The week before Diwali, the boss took us out to lunch. Village. At Amanora Park town, just across the street from work.

I blog about the place not because I liked it. But because it was a different experience.

Have you been to this place called Sanskruti, in Pune? It used to be all awesome and the-place-to-go-with-non-Indian-friends. The complete Indian experience et al. Well, this is something like it.

It is priced at Rs 299/- for the lunch buffet, per head.

It might work for me to walk you through the entire set up. You enter and to your left are carts where you
can pick up imli (tamarind) and chai (tea served in little glasses). You move ahead and you see a truck,
with a table and chairs set up inside it, if you’re looking for funky seating. The truck, as is the case with most trucks in India, has something written on it that’s so corny it’s hilarious. Just by the side, is a khatiya (a bed made out of rope woven together loosely).

A little up ahead of that is the pani-puri and chat stall and to it’s right is what they’ve called a theka (a shady countryside bar where they serve spurious liquor). No, they don’t serve liquor here. They serve baraf gola and fresh squeezed juice insead. Move along the wall where the theka has been set up, and there’s a pan wala.

Just by the side, there is a peepal ka ped – not a real one – just a ginormous trunk set up on a cemented platform. There’s a palm reader guy with the village moustache and a man making bangles out of lacquer. There’s also a little bioscope by the tree.

More seating arrangement, all khatiyas and low tables. Head to the centre. There’s a large screen where
they’re playing a movie from the seventies. The walls are lined with movie posters from the same period. And they have a NOW SHOWING screen which features… ta daaa….

Centre-front is a rickshaw and a little barber’s set up. Take a wooden staircase from the back to a seating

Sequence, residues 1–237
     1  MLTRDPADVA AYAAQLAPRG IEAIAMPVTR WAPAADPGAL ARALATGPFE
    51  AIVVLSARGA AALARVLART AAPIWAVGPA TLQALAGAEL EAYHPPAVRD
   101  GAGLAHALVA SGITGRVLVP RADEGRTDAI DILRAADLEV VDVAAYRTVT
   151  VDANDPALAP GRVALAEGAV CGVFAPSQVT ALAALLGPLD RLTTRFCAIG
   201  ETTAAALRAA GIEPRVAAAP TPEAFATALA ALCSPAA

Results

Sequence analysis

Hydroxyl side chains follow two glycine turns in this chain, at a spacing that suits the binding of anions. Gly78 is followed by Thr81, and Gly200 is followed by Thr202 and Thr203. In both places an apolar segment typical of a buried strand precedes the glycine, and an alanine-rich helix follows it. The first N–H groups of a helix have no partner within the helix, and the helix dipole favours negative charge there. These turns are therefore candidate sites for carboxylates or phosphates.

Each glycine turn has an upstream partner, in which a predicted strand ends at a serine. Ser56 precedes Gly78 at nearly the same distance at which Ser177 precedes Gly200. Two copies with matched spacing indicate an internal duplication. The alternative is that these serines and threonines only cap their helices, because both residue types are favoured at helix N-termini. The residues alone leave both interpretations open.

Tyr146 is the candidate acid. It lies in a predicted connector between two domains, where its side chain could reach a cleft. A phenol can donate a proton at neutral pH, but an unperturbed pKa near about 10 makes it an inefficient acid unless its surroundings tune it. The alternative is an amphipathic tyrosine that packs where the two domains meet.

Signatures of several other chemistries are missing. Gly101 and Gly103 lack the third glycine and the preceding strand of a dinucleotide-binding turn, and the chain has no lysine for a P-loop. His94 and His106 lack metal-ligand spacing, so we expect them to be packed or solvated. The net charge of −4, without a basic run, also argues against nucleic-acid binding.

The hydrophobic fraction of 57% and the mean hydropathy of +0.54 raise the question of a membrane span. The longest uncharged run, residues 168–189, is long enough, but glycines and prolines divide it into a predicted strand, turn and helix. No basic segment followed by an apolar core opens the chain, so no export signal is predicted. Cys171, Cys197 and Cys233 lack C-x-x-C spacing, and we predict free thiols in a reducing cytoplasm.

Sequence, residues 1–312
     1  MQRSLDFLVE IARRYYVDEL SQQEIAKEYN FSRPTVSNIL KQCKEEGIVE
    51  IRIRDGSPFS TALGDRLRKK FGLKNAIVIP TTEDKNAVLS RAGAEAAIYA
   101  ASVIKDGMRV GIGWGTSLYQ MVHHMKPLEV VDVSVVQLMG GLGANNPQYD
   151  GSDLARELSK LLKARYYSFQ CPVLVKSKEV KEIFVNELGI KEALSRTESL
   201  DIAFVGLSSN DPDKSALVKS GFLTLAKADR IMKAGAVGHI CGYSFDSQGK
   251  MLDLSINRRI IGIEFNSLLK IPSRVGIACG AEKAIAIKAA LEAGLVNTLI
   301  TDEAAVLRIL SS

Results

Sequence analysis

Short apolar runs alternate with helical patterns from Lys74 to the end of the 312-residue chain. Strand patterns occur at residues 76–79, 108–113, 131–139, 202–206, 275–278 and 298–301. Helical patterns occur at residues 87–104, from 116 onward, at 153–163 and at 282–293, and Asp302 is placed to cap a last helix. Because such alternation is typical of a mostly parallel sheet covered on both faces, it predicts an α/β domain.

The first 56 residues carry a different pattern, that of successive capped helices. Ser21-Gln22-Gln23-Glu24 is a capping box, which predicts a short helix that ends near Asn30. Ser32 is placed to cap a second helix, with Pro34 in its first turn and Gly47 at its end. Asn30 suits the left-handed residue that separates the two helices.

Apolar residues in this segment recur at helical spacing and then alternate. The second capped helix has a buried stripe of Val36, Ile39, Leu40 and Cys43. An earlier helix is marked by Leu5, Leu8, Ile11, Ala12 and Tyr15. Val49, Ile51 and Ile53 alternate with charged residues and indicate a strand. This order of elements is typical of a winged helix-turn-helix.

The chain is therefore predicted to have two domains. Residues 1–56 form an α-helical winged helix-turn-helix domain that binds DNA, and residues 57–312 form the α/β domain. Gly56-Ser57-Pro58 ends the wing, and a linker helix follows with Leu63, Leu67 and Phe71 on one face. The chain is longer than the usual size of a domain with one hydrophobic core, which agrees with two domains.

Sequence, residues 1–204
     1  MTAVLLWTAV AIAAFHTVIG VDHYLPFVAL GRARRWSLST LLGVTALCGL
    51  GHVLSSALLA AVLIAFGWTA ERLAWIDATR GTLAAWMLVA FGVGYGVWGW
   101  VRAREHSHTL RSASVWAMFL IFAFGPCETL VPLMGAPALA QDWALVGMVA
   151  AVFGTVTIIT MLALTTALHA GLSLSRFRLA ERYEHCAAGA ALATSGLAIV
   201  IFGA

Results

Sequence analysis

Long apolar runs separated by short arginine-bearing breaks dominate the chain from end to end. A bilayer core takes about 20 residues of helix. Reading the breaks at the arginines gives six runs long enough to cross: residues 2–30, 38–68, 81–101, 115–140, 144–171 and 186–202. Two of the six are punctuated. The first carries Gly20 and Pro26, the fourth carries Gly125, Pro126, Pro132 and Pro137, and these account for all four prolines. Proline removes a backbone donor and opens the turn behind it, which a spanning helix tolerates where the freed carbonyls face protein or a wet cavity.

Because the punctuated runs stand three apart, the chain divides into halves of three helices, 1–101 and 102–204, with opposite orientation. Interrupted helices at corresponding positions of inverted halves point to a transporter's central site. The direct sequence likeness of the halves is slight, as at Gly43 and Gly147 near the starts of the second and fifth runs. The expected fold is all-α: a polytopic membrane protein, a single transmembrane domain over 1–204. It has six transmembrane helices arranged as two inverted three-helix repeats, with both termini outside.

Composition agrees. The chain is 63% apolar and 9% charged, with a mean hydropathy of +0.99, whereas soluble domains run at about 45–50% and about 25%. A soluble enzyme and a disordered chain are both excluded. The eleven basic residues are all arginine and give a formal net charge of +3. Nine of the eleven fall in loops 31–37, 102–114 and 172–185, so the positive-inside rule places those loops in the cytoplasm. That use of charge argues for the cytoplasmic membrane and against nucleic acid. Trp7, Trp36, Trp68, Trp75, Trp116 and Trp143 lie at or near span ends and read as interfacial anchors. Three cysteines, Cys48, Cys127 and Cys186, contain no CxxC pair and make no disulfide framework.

arrangement of khatiyas at the top, from where you can see the entire restaurant/village.

To the right of the entire layout, is a prison straight out of Sholay. That’s where the buffet has been
arranged. They also have a policeman’s outfit, complete with cap and all, which you can wear and take pictures in. To add to your apparent thrill, a man in a prisoner’s outfit gladly poses for pictures with you.

There’s a bullock cart and few other carts and also a mithaiwala who fries jalebis fresh and
dunks them in sugar syrup before serving them. He also has moong dal halwa which he serves from an earthen

For food, it was alright. Nothing too great. Not bad either. A small counter for Hakka Noodle and Veg Manchurian (whatever!) and one for daal baati and churma, which was quite tasty. A counter for pickles and
salads. And another one for freshly made dosas. There were chapatis and then bhindi, chhole, dal, pulav and
a few other things.

We sat on the khatiyas while waiters strutted about us, asking if we were having a good time, and serving
chhaas out of glass bottles into little tumblers. Yes, the chhaas was delicious. As was the moong daal halwa.

The staff broke into a random dandiya raas at one point and urged us to dance. I didn’t. The colleagues did. Some of them really *were* having a good time.

For the price the boss paid, per head, it was a novel experience. But I probably won’t go there ever again,
unless I’m taking enthusiastic extended family or some such.


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